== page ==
Sheila Tierney isn’t sure of the exact year she began canvassing for the Canadian Cancer Society, but she knows it was about 50 years ago.
She began the door-to-door quest for funds while living in St. Catharines, before moving to Niagara-on-the-Lake and knocking on local doors. For a while she did both, not wanting to give up the city route before finding someone to cover it so she could concentrate on NOTL.
She and her husband Ed were both motivated to help the cancer society after a gruelling and stressful couple of years while their son, diagnosed with cancer at the age of two, went through 18 months of chemotherapy.
He survived, and is now the father of two teenaged girls. He recently celebrated his 50th birthday in Whistler, BC — 22 people gathered to celebrate with him, half from Canada and the other half from New Zealand, where he now lives, says Tierney.
She and Ed to this day “put our eggs all in this basket,” still focusing their volunteer time on the cancer society, and organizing the annual April residential campaign.
And as she says, “everyone has been touched by cancer.” In her case, it was not only her son as a toddler. Her 82-year-old sister, living in the U.S., is receiving chemotherapy for leukemia. “She’s been in chemo for 15 months, “ says Tierney, adding her sister’s attitude is “100 per cent” determined to beat this.
Although she began as a canvasser, Tierney quickly became a captain for Virgil, and then co-chair — she has always had a co-chair to take charge of the Old Town, while she looks after the rest of the urban and rural areas.
It has become increasingly difficult in recent years as the number of canvassers decreases, she says, and new volunteers are hard to find.
“I have nobody for St. Davids, not even one canvasser,” said Tierney, yet the number of homes in the village has tripled in recent years.
She is accustomed to 75 or 80 volunteers helping her canvass, but this year she has 60, and with all the new houses to visit she could use double that.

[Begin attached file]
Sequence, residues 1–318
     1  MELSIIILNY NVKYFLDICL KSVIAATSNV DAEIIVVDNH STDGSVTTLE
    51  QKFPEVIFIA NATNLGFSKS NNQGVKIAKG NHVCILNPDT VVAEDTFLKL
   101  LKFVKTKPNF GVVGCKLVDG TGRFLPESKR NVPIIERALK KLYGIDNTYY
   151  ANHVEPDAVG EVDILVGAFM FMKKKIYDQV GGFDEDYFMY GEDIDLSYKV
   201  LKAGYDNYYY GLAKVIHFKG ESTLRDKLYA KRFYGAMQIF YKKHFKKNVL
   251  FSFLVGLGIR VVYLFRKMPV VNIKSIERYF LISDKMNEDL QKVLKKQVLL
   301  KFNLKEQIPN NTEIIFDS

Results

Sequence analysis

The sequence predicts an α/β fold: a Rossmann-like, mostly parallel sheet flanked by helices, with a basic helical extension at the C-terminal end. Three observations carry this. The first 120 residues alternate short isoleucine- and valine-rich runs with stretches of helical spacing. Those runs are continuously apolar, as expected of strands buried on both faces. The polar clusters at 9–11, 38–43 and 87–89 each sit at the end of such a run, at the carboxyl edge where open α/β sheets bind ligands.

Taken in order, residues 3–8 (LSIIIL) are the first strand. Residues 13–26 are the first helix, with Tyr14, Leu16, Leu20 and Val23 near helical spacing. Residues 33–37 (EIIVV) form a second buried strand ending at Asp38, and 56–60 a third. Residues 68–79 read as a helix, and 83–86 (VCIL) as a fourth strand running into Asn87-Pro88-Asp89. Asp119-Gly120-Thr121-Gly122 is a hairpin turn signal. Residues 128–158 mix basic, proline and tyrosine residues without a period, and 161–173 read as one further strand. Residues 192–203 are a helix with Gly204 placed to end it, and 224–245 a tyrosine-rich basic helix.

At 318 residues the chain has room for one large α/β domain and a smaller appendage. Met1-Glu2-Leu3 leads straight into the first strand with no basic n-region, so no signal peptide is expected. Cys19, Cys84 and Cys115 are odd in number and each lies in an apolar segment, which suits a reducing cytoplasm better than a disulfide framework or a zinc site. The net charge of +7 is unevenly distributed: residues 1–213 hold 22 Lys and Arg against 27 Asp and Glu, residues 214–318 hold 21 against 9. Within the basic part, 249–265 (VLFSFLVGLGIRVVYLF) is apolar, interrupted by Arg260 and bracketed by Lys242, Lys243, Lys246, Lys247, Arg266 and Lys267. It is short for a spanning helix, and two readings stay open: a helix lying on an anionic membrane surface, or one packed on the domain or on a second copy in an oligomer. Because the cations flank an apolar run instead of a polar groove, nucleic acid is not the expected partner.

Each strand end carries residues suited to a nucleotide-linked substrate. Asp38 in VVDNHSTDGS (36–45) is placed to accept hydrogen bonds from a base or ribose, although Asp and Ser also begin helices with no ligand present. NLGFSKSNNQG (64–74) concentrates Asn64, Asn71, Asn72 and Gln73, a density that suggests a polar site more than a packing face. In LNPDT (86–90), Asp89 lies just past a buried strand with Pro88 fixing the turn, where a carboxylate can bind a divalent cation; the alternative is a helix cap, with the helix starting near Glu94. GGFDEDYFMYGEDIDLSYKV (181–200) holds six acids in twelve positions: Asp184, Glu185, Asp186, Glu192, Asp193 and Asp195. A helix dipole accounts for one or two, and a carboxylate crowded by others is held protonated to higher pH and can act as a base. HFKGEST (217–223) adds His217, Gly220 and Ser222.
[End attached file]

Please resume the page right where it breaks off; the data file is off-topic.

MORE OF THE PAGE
Neeti Mehrotra of the UPS store, Old Town co-chair, “is in an even more desperate situation than I am,” says Tierney — she requires six captains, and has only one at this point. She also needs more canvassers.
The reason for the problem is likely a number of factors —the seniors who have done it for years are getting older, and the young people in town are leading such busy lives they don’t have time.
“We have some wonderful people helping out — some of them will take on more routes that aren’t covered — but we still need many more canvassers.”
The residential campaign isn’t what it once was — there are so many other ways for people to donate to the cancer society, with the proliferation of events such as walks, runs, stair climbs and other fundraisers, says Tierney. “You often get the response, ‘I’ve already given to the cancer society’ in other ways,” she says.
At 82, Tierney still canvasses herself, organizes the other volunteers and does all the paperwork that goes along with the campaign. Ed is a huge help as well, she adds. “I couldn’t do it without him.”
Last year volunteers raised $26,000 from the door-to-door campaign, and brought the total up to $33,000 with daffodil pin sales and two large individual donations.
Tierney says her goal for this year is to match last year’s total, and although Saturday was a dreadful day for daffodil pin sales, 25 “wonderful volunteers” out in the pouring rain raised $1,500, just a little less than last year, although there weren’t many people out shopping, she says.
To canvass, or make a donation, call Tierney at 905-468-2200. The campaign lasts all month, and many canvassers wait for the better weather, she says.
CLord Mayor Betty Disero, Canadian Cancer Society campaign co-chair Sheila Tierney, Donna Seymour, Kathy Neufeld, Susan Weaver, Walt Weaver, Jeanne Codrington and Ed Tierney raise the cancer society flag for the month of April, during the residential campaign. (Penny Coles)